evaluates to 7.5625.

Exercise 4.9. $\left[\star \right]$The find-maximum procedure we defined evaluates to the maximum value of the input function in the range, but does not provide the input value that produces that maximum output value. Define a procedure that finds the input in the range that produces the maximum output value. For example, (find-maximum-input inc 1 10) should evaluate to 10 and (find-maximum-input (lambda (x) (* x (- 5.5 x))) 1 10) should evaluate to 3.

Exercise 4.10. $\left[\star \right]$Define a find-area procedure that takes as input a function f, a low range value low, a high range value high, and an increment epsilon, and produces as output an estimate for the area under the curve produced by the function f between low and high using the epsilon value to determine how many regions to evaluate.

Example 4.3: Euclid’s Algorithm

Euclid In Book 7 of the Elements, Euclid describes an algorithm for finding the greatest common divisor of two non-zero integers. The greatest common divisor is the greatest integer that divides both of the input numbers without leaving any remainder. For example, the greatest common divisor of 150 and 200 is 50 since (/ 150 50) evaluates to 3 and (/ 200 50) evaluates to 4, and there is no number greater than 50 that can evenly divide both 150 and 200.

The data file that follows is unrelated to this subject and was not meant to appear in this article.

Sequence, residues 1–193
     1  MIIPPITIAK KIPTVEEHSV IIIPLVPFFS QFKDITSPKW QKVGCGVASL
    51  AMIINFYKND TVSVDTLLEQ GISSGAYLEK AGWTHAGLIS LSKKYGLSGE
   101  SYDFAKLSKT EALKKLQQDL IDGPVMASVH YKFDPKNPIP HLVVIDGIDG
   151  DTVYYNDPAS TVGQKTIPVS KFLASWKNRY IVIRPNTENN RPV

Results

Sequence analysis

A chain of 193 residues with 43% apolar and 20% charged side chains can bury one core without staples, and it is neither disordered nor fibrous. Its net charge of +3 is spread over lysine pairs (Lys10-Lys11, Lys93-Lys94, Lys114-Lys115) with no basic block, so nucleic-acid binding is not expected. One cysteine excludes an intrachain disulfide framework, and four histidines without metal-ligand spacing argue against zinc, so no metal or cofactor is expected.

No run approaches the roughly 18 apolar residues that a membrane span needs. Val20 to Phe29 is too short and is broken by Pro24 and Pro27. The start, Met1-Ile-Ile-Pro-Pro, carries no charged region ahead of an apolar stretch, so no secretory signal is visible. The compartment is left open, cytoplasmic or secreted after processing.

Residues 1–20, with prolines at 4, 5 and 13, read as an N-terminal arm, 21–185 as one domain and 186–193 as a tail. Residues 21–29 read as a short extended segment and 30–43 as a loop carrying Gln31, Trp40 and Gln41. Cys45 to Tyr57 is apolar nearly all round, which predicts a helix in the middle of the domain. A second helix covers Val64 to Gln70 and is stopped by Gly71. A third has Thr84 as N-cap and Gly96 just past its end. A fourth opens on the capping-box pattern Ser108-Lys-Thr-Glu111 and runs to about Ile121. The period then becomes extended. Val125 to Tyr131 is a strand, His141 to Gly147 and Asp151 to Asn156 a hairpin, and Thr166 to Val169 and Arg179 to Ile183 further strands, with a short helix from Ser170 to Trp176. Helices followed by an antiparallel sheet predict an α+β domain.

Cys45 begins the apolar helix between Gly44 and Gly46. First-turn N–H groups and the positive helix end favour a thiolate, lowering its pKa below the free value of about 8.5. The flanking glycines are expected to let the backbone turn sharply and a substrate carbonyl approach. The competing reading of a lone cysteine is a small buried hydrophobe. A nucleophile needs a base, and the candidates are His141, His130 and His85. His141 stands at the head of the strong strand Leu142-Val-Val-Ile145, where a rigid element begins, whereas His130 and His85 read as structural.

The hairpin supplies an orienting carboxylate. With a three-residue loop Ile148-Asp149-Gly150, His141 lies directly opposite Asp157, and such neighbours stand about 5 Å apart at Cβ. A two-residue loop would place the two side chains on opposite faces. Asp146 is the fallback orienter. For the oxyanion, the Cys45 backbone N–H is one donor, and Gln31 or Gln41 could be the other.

modulo The modulo primitive procedure takes two integers as its inputs and evaluates to the remainder when the first input is divided by the second input. For example, (modulo 6 3) evaluates to 0 and (modulo 7 3) evaluates to 1.

Euclid’s algorithm stems from two properties of integers:

  1. If (modulo a b) evaluates to 0 then b is the greatest common divisor of a and b.

  2. If (modulo a b) evaluates to a non-zero integer r, the greatest common divisor of a and b is the greatest common divisor of b and r.

We can define a recursive procedure for finding the greatest common divisor closely following Euclid’s algorithm2:

(define (gcd-euclid a b)
        (if (= (modulo a b) 0) b (gcd-euclid b (modulo a b))))

The structure of the definition is similar to the factorial definition: the procedure body is an if expression and the predicate tests for the base case. For the gcd-euclid procedure, the base case corresponds to the first property above. It occurs when b divides a evenly, and the consequent expression is b. The alternate expression, (gcd-euclid b (modulo a b)), is the recursive application.